6. A brief background of the three applications is necessary for a better understanding of the stand taken by the parties before this Court. The impugned Award was passed by the West Bengal State Micro Small Enterprises Facilitation Council under section 18 of the MSME Act on 24th September, 2019 on a reference by Optimal arising out of a dispute with BHEL. BHEL is the buyer and Optimal is the supplier as defined under sections 2 (d) and (n) respectively of the MSME Act. The Award notes that Optimal is a small manufacturing enterprise which issued eight purchase orders on BHEL for supply of a Solar Power Conditioning Unit and other items for a diesel power plant. The payment terms in the purchase order were 80% - 90% payment on supply plus 100% taxes to be made with 30 – 45 days of credit from receipt of the material at site and the balance 10% on execution of basic supply of the materials. The Award was passed after BHEL failed to participate in the conciliation pursued under section 18 of the MSME Act. The arbitration was commenced after the conciliation failed.
7. By the impugned Award, BHEL was directed to pay the principal sum of Rs. 61,08,654/- along with the interest thereon at three times the bank rate notified by RBI compounded with monthly rests under Section 16 of the MSME Act. The claimant / Award-holder, Optimal was directed to submit its claim of interest on the principal sum and the Award-debtor, BHEL was directed to pay the said sum within 30 days from the date of submission of the claim of interest. Optimal submitted its claim on 28th November, 2019 for an amount of Rs. 2,78,88,228/- inclusive of interest. The 3 applications for setting aside and stay of the award and for execution were filed by BHEL and Optimal thereafter. Optimal filed an Execution Application before this Court. The stay application was disposed of by a judgment and order of this Court on 1st September, 2021 by which BHEL was directed to deposit 75% of the total awarded amount (principal plus interest) of Rs. 2,78,88,228/- [75% of Rs. 2,78,88,228 = Rs. 2,09,16,171] and to deposit 50% of this amount (Rs. 1,04,58,085.50) with the Registrar Original Side of this Court. The remaining 50% was directed to be given by way of a bank guarantee from a reputed bank within a specific time frame. BHEL was given liberty to make a separate application for stay of the Award only after deposit of the amounts as directed.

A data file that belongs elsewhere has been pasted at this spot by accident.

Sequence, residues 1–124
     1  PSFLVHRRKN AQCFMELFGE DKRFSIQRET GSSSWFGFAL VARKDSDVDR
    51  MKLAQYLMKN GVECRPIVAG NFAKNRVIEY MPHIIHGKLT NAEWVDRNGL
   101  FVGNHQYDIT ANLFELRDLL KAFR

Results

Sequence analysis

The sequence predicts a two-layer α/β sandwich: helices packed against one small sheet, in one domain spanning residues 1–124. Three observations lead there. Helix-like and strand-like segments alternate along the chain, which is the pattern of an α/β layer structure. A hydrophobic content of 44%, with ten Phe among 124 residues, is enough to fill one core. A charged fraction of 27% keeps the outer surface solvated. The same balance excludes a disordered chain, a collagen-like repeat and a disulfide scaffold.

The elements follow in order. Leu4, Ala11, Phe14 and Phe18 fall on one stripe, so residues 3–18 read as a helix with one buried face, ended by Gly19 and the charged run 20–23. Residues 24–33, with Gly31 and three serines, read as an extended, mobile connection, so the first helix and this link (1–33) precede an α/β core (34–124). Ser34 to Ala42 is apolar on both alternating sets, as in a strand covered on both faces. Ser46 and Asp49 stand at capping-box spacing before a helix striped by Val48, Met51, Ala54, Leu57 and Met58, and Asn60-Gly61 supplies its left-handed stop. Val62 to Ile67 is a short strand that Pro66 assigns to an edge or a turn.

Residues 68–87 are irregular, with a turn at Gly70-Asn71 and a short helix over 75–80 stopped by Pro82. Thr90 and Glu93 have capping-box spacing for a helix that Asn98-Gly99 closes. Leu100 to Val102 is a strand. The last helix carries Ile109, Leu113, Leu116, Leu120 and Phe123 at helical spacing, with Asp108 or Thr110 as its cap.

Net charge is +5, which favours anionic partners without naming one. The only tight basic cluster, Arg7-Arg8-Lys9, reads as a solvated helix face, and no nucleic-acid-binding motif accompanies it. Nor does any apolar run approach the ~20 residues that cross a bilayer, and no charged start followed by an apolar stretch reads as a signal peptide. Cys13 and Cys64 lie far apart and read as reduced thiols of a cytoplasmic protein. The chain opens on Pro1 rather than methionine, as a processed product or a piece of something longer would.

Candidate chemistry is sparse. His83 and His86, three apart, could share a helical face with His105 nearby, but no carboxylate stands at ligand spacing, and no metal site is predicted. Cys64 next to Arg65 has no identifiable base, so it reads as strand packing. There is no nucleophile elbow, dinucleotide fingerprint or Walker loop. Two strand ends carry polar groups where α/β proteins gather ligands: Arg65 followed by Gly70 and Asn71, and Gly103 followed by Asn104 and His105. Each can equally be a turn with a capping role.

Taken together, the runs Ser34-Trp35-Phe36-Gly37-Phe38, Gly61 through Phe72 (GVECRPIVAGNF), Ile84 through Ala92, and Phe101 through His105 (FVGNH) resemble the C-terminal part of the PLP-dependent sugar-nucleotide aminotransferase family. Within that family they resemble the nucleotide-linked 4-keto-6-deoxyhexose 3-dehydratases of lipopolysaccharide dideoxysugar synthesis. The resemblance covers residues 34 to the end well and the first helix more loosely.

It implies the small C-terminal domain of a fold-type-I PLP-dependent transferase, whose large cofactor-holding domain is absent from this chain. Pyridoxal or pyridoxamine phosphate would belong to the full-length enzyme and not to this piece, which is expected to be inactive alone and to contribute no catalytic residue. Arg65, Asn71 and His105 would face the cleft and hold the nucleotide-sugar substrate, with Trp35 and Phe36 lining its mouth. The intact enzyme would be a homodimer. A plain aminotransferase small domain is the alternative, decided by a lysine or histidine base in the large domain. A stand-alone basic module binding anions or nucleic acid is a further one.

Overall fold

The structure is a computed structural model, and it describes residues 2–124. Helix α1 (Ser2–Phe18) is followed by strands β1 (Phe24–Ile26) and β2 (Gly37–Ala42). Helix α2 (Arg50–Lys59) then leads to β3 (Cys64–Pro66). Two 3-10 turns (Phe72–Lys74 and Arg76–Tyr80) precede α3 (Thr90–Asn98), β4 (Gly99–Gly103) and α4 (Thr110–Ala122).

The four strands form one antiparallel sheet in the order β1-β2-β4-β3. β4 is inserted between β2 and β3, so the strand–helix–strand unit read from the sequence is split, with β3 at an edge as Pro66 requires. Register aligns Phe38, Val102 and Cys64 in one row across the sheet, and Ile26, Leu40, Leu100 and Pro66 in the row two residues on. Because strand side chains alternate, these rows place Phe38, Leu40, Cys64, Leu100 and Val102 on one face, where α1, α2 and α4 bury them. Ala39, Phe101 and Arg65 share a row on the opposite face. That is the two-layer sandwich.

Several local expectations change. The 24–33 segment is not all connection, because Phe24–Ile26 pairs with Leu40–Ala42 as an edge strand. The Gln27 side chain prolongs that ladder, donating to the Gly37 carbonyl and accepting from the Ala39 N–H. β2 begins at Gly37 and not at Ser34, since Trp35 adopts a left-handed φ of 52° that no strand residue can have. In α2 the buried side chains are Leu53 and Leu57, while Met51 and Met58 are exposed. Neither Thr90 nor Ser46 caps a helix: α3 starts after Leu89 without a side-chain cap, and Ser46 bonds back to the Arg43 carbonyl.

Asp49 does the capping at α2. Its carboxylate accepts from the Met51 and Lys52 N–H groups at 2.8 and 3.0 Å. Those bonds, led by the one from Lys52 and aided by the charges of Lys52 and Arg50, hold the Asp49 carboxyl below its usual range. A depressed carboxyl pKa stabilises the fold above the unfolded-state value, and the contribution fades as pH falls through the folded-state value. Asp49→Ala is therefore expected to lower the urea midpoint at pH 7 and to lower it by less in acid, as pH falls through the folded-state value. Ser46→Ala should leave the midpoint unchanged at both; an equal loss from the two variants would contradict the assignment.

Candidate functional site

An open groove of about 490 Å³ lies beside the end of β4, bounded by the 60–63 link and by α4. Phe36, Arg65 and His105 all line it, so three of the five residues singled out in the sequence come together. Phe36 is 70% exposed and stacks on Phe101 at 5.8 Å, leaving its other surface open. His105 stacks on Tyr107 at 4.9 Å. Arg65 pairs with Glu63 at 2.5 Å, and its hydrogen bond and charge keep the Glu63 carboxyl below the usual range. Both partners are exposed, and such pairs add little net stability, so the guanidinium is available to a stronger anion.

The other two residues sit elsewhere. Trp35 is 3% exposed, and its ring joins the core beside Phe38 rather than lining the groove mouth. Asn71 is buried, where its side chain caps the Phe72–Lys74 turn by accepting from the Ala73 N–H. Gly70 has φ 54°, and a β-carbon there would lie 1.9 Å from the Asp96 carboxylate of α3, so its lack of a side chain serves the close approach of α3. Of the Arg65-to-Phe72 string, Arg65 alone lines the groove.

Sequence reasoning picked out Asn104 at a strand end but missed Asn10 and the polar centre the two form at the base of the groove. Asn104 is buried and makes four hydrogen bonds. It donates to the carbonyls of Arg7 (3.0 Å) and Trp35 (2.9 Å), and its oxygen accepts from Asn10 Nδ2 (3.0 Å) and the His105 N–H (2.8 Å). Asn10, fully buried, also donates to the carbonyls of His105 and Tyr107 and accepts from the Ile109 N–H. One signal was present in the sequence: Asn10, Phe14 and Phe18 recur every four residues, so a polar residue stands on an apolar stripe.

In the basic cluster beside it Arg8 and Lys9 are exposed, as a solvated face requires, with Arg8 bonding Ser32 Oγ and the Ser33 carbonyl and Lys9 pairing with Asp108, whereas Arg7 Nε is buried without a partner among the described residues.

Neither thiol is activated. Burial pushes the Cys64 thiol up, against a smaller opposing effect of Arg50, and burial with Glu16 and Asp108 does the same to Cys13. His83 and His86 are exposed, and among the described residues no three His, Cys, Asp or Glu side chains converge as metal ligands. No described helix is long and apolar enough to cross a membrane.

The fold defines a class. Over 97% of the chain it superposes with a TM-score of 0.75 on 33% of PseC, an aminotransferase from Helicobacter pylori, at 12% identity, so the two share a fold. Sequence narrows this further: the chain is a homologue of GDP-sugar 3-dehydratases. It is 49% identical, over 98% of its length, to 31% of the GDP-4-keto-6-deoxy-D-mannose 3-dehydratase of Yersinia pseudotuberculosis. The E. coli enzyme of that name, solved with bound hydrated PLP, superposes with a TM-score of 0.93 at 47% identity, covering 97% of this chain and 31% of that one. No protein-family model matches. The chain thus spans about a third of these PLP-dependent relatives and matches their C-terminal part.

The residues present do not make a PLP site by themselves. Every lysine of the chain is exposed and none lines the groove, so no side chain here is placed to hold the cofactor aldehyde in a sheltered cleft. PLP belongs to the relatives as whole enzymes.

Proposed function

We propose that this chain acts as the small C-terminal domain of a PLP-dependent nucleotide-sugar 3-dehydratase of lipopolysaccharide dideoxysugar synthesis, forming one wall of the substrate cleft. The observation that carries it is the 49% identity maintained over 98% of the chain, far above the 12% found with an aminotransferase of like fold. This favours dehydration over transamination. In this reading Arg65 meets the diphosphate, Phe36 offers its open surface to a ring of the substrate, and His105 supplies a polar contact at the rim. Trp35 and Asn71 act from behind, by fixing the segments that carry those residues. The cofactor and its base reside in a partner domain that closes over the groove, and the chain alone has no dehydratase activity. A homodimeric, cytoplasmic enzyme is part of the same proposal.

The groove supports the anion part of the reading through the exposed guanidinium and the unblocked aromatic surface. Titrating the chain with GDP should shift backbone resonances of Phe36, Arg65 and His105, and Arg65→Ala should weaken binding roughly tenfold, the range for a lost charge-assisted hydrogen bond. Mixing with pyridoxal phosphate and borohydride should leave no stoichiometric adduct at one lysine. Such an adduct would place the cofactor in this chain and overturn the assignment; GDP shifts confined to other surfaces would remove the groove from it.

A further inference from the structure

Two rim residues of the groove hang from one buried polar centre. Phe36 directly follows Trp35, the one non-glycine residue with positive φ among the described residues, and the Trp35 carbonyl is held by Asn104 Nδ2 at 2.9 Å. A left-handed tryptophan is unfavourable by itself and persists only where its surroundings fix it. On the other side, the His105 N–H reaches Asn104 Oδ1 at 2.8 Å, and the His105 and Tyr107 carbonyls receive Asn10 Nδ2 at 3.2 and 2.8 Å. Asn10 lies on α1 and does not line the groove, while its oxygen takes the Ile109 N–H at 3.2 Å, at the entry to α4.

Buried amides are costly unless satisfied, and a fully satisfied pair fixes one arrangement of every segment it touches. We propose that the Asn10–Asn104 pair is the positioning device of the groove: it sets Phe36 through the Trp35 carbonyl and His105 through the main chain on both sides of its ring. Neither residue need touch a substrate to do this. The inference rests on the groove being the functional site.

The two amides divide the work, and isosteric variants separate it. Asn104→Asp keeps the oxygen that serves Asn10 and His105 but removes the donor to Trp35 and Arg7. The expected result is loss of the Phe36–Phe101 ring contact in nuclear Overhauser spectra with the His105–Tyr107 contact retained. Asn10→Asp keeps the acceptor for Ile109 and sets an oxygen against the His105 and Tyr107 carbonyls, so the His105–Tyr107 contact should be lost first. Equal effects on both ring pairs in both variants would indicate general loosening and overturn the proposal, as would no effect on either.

8. I now come to the merits of the case made out by the parties in the three applications pertaining to the Award.